Along Freedom Road

Along Freedom Road: Hyde County, North Carolina, and the Fate of Black Schools in the South

David S. Cecelski
Copyright Date: 1994
Pages: 248
https://www.jstor.org/stable/10.5149/9780807860731_cecelski
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  • Book Info
    Along Freedom Road
    Book Description:

    David Cecelski chronicles one of the most sustained and successful protests of the civil rights movement--the 1968-69 school boycott in Hyde County, North Carolina. For an entire year, the county's black citizens refused to send their children to school in protest of a desegregation plan that required closing two historically black schools in their remote coastal community. Parents and students held nonviolent protests daily for five months, marched twice on the state capitol in Raleigh, and drove the Ku Klux Klan out of the county in a massive gunfight.The threatened closing of Hyde County's black schools collided with a rich and vibrant educational heritage that had helped to sustain the black community since Reconstruction. As other southern school boards routinely closed black schools and displaced their educational leaders, Hyde County blacks began to fear that school desegregation was undermining--rather than enhancing--this legacy. This book, then, is the story of one county's extraordinary struggle for civil rights, but at the same time it explores the fight for civil rights in all of eastern North Carolina and the dismantling of black education throughout the South.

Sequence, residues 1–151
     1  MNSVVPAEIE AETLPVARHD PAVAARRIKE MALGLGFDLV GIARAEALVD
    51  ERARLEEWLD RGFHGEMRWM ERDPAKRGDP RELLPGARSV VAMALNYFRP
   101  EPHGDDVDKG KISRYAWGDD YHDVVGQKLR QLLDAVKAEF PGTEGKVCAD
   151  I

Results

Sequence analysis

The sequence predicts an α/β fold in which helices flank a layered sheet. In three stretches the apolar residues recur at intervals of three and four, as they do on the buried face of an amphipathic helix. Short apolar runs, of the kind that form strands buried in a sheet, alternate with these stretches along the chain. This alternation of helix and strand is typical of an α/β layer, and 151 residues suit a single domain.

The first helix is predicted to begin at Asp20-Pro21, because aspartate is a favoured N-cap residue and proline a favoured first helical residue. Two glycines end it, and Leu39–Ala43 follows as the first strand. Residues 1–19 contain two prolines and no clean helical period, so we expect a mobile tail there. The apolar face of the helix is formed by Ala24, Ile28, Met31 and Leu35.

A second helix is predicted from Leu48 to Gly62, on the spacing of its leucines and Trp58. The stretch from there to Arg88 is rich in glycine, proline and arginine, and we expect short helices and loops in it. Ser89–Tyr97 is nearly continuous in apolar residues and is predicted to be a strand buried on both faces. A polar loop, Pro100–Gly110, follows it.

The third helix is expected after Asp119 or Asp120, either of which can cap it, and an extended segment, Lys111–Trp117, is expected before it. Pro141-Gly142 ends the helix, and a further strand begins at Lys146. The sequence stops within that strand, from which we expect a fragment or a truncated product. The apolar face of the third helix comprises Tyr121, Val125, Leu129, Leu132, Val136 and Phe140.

eISBN: 978-1-4696-1970-5
    Subjects: Sociology, History

Table of Contents

  1. Front Matter
    (pp. i-vi)
  2. Table of Contents
    (pp. vii-x)
  3. ACKNOWLEDGMENTS
    (pp. xi-1)
  4. Maps
    (pp. 2-6)
  5. Introduction
    (pp. 7-16)

    Like chimneys standing in the cold ashes of a tragic fire, the old school buildings endure in towns and rural communities across the southeastern United States. A few have been reincarnated as textbook warehouses, old-age homes, or cut-and-sew factories. More commonly, though, they sit vacant and deteriorating in older black neighborhoods. People called them the “Negro schools” in the era of racial segregation, when millions of black children enlivened their classrooms. As school desegregation swept through the region in the 1960s and 1970s, white southern school leaders routinely shut down these black institutions, no matter how new or well located,...

  6. Prologue, 1954–1964
    (pp. 17-30)